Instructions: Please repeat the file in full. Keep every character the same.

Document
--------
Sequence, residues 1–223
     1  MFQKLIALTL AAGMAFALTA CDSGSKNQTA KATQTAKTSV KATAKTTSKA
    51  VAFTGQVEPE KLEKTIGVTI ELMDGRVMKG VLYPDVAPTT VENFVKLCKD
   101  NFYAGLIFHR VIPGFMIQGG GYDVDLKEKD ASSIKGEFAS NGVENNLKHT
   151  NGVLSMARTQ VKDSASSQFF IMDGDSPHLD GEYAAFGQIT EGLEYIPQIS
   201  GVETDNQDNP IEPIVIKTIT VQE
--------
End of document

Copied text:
Sequence, residues 1–223
     1  MFQKLIALTL AAGMAFALTA CDSGSKNQTA KATQTAKTSV KATAKTTSKA
    51  VAFTGQVEPE KLEKTIGVTI ELMDGRVMKG VLYPDVAPTT VENFVKLCKD
   101  NFYAGLIFHR VIPGFMIQGG GYDVDLKEKD ASSIKGEFAS NGVENNLKHT
   151  NGVLSMARTQ VKDSASSQFF IMDGDSPHLD GEYAAFGQIT EGLEYIPQIS
   201  GVETDNQDNP IEPIVIKTIT VQE